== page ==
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October fuel price update

Fuel price lottery could mean £4.50 loss or saving per tank

16 October 2009

Monthly petrol price rise is second highest ever, warns AA

Large fuel price variations between towns and along major UK routes are making careful planning of fuel stops on commuting and long-range trips essential, the latest AA Fuel Price Report reveals. Drivers could save or lose up to £4.50 a tank extra depending on where they refuel.

Although the average price of petrol is just above 105p per litre, many major towns are selling fuel at 101.9 – a saving of £1.50 a refill. On the flipside, some motorway service stations are charging 112.9/111.9p per litre while three miles down the road petrol sells at 103.9 – a difference of up to 9p or £4.50 a tankful. However, at Magor services on the M4 in Wales, petrol cost 106.9 yesterday.

Between mid-September and now, the average UK price of petrol fell from 106.33 pence per litre to 105.07 while diesel has dropped from 107.10 to 106.24. The petrol-diesel price gap has opened up again to more than a penny.

Wholesale prices collapsed from $680 a tonne in mid-September to $575 by the end of the month. This should have reduced petrol prices by 3.5p a litre, but only about half of the saving was passed on. Wholesale prices have now recovered to around $630 a tonne, although average petrol prices continue to hover around 105p a litre for the moment.

Comment

"Commuters whose daily trips take them to towns with cheaper fuel can cash in by filling up there, and other drivers on long-distance trips should plan their fuelling stops to avoid the expensive areas. For those stuck in towns where retailers are happy to keep their prices higher, frustration will begin to grow, as it did in 2007," says Edmund King, the AA's president.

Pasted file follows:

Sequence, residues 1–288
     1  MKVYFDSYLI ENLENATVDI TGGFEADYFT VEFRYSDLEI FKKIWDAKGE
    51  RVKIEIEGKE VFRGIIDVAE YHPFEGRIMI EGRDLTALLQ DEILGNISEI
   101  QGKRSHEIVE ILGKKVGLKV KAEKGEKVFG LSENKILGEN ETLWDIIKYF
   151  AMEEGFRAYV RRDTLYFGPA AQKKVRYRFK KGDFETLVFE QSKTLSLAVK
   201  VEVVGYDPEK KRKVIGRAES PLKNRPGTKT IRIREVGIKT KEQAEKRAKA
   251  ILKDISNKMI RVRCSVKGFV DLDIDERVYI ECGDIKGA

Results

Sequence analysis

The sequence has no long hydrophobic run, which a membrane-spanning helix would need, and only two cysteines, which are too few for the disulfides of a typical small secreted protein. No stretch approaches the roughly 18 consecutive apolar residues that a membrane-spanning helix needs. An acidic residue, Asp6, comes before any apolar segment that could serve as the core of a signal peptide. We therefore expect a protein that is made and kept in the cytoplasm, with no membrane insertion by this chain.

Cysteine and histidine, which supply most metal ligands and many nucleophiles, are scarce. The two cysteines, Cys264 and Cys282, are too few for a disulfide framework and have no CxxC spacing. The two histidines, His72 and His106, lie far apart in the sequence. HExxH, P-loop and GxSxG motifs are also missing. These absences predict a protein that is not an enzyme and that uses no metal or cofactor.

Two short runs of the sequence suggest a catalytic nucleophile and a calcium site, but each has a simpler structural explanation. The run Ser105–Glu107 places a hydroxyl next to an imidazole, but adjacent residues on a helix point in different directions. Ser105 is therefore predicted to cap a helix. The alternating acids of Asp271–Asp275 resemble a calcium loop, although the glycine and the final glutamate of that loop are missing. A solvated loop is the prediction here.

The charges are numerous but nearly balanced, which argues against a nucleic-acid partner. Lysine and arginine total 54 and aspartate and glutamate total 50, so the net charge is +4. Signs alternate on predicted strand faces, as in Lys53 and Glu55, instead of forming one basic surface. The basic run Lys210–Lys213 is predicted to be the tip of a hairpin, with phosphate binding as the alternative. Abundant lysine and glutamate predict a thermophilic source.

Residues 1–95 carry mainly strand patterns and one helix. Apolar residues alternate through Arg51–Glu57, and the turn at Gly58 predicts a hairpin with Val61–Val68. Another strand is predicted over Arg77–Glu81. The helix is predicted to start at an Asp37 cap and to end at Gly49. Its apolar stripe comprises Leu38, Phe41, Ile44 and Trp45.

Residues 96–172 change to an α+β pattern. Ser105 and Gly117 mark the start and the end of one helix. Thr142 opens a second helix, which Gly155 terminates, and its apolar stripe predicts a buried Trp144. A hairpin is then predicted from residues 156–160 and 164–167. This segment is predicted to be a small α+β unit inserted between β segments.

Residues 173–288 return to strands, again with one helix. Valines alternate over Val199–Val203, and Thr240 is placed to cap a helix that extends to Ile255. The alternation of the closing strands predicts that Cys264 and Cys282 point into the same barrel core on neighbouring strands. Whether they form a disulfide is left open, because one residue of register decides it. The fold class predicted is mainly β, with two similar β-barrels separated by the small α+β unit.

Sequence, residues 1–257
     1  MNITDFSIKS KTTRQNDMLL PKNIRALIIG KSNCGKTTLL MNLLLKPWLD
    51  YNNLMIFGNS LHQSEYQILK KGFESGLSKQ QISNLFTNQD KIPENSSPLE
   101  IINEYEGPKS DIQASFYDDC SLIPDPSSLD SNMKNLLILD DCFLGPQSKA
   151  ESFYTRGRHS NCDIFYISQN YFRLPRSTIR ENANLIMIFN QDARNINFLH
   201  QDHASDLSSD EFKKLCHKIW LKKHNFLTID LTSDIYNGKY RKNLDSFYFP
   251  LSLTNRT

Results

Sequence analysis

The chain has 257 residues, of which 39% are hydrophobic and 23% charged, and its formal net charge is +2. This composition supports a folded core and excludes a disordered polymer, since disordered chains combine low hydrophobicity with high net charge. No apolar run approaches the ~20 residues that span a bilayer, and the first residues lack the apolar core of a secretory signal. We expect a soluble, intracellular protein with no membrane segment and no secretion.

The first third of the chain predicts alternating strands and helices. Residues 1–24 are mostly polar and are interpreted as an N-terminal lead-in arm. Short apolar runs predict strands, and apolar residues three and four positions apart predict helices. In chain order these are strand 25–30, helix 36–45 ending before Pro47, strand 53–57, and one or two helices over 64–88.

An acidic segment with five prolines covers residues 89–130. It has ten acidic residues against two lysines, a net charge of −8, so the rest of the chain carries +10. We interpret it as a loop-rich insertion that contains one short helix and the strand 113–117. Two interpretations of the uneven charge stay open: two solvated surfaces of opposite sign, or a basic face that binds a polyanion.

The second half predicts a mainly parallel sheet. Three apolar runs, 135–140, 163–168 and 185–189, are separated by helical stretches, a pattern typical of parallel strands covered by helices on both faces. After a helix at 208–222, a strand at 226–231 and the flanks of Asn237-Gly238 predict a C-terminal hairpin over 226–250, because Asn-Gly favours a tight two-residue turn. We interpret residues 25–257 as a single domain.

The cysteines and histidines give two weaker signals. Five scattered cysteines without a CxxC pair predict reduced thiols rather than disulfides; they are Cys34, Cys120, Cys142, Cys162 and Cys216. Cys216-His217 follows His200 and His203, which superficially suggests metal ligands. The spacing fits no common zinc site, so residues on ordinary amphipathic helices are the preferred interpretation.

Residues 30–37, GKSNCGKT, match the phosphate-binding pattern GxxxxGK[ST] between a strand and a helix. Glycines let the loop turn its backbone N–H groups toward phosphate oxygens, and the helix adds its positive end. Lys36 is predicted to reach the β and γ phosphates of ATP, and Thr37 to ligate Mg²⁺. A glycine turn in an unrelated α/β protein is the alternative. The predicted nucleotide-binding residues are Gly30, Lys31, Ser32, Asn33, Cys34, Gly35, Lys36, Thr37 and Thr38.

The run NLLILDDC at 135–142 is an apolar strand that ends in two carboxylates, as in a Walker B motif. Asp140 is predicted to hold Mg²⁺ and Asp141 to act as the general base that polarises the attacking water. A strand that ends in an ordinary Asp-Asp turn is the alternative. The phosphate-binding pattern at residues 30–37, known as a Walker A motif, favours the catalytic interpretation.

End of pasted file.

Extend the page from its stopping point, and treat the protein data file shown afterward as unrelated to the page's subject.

"A weaker dollar and signs of economic recovery have increased market speculation in commodities, propelling the cost of oil to a new high for the year. However, oil and gasoline reserves are expected to grow: figures in late September showed that the US had more surplus gasoline than at the start of its peak-demand motoring season. For drivers, pump prices failing to reflect glutted global petrol supplies simply rekindles the old anger."

Regionally, there is a 1.8p-a-litre or 90p-a-tank difference between the cheapest and most expensive parts of the UK for petrol. Drivers in the North West and Yorkshire/Humberside are enjoying average petrol prices of 104.2p a litre while Londoners have to pay 106.0p. For diesel, Northern Ireland is most expensive at 106.9 while prices in the North West average 105.2.

View the full AA Fuel Price Report »

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27 October 2009
(Price data provided by Experian Catalist)